Free Speech Monument, Charlottesville, 2006


In April 2006, The Thomas Jefferson Center for the Protection of Free Speech unveiled their privately-funded free speech monument. The monument consists of a large Buckingham-minded slate chalkboard and a speaker’s podium, located in front of City Hall. 







Free speech designated areas


Speaker's Corner



A Speakers' Corner is an area where open-air public speaking, debate and discussion are allowed. The original and most noted is in the north-east corner of Hyde Park in London, United Kingdom. Speakers there may speak on any subject, as long as the police consider their speeches lawful, although this right is not restricted to Speakers' Corner only. Contrary to popular belief, there is no immunity from the law, nor are any subjects proscribed, but in practice the police tend to be tolerant and therefore intervene only when they receive a complaint or if they hear profanity.


Speakers’ Corner was itself born out the struggle for civil liberties in Victorian Britain and its establishment was a significant milestone in the development of our democratic institutions.

It occupies a parcel of land where, in the mid-nineteenth century, the Chartists held mass protests against the suppression of the rights of working people, including the right of assembly, and the Reform League organized huge rallies to demand the widening of the franchise.


In 1872 Parliament granted the Park Authorities the right to permit public meetings and Speakers’ Corner, already heavy with history, was born. For over a century it has been a focus for protest and debate and the symbol of a free society and a mature democracy.

Other countries that have Speaker's Corners: Australia, Canada, Malaysia, Netherlands, Singapore, Trinidad and Tobago, Thailand.






Free speech zones



Free speech zones, also known as First Amendment Zones, Free speech cages, and Protest zones are areas set aside in public places for political activists to exercise their right of free speech in the United States. The First Amendment to the United States Constitution states that "Congress shall make no law abridging the right of the people peaceably to assemble, and to petition the Government for a redress of grievances." The existence of free speech zones is based on U.S. court decisions stipulating that the government may regulate the time, place, and manner—but not content—of expression.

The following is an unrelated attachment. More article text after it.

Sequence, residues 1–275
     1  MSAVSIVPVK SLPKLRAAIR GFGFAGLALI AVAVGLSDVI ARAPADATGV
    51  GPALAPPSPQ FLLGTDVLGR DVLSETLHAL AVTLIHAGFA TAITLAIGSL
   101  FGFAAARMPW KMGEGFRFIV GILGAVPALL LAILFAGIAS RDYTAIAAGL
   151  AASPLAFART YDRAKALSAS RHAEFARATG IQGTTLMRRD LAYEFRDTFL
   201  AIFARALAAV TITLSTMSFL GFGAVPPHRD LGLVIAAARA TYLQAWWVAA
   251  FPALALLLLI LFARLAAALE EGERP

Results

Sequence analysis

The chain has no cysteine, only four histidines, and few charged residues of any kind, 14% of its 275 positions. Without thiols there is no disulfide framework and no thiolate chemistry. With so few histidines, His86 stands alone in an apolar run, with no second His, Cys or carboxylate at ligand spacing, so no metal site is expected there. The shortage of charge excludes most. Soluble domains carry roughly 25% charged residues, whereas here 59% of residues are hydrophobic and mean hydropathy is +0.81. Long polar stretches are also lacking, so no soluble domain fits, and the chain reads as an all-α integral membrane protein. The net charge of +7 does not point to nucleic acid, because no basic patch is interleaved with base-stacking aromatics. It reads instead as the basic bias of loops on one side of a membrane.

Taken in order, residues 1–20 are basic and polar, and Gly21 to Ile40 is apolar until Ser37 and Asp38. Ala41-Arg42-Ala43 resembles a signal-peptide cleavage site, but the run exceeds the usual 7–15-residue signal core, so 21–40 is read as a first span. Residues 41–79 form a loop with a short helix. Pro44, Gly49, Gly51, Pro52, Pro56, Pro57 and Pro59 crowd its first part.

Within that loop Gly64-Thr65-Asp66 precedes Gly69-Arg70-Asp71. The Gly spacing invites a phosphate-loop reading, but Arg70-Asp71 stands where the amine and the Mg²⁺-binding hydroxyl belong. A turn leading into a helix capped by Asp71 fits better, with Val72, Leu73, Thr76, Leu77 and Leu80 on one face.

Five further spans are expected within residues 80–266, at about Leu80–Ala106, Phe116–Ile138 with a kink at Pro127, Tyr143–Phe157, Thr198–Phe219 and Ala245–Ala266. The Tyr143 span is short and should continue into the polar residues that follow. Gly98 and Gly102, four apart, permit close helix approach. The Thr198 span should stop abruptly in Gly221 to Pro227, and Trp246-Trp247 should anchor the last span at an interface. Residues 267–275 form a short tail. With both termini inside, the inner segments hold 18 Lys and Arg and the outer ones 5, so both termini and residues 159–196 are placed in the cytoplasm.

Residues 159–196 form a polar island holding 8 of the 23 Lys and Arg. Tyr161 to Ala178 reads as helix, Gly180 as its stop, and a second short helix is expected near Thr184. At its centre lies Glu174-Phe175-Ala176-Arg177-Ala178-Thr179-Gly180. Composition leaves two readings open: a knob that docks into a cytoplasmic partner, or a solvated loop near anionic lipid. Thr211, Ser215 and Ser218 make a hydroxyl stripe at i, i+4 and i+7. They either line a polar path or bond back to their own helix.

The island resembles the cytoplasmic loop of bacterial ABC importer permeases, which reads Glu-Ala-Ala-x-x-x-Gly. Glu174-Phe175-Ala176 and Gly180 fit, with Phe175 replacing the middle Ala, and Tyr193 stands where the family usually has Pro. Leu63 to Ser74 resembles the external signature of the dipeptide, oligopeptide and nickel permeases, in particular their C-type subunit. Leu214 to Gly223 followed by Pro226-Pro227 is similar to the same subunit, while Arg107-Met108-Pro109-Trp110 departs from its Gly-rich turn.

The mere existence of these areas is highly controversial as they are considered to be used as a different form of censorship and control and a method to conceal the existence of popular opposition from the mass public, thus an offensive concept.

It is hard to deny its ambivalence –  what concept containing the dipole of freedom and captivity wouldn't be?



Installation in Burning man, 2004




Boston, 2004 Republican National Convention






Sculpture created during the 2004 Republican National Convention and just after

the 2004 Democratic National Convention, by Rob Duarte.



An excerpt from a 2007 essay for the course "Race, gender and Performance" (please excuse the naïveté of my 20 years, but I think it might be pertinent to the discussion of FSM) -S.


[...]An alternative reading of the Free Speech Movement imagery shows that, purposefully or not, theatrical conventions often provide the appropriate forms for the expression of the demonstrators' anger.


Perhaps that brings us back to the discourse on the incipient moment of popular performance outlined at the beginning of this essay. Both popular performance and political demonstration rely on the most direct means of communication between people. They both unite individuals who identify with a specific cause. This is not to say that performance can achieve the tangible effects of a true revolution, but rather revolution can appropriate aspects of performance for its own purposes. The form that public demonstrations often take, like those of the Free Speech Movement discussed above, can be considered as a manifestation of those aspects.     


However, the form that a demonstration -or indeed political theater- can take is informed by the specificity of the particular historical time when it evolves. L.M. Bogad in his essay Tactical Carnival, where he discusses the changing forms of demonstrations in relation to social movements and the dialogical performance, identifies the “repertory of contention” that political movements utilize in order to choose their tactics. According to this theory, the performative aspects of the demonstration highlighted in the Free Speech Movement for instance might not be the most appropriate ones to appeal to an audience today.[1] Similarly, forms of political performance used by groups such as the San Francisco Mime Troup might need to be revised, as theorists argue, in order to communicate with and inspire a wider contemporary audience. This opens a discourse not only on the formal qualities of what we can identify as “performance” but the nature of the radical ideas that can initiate political activism today, which is not within the purposes of the current essay to embark upon. Nonetheless, highlighting the affinities of political performance and demonstration could be a valuable tool to reconsider the forms of political theater and -why not- revolution. 

[1] Bogad, L.M. Tactical Carnival: Social M0vements, Demonstrations, and Dialogical Performance. A Boal Companion, Dialogues on Theatre and Cultural Politics. Jan Cohen Cruz and Mady Schtzman (ed). New York: Routledge, 2006. pp 46-58.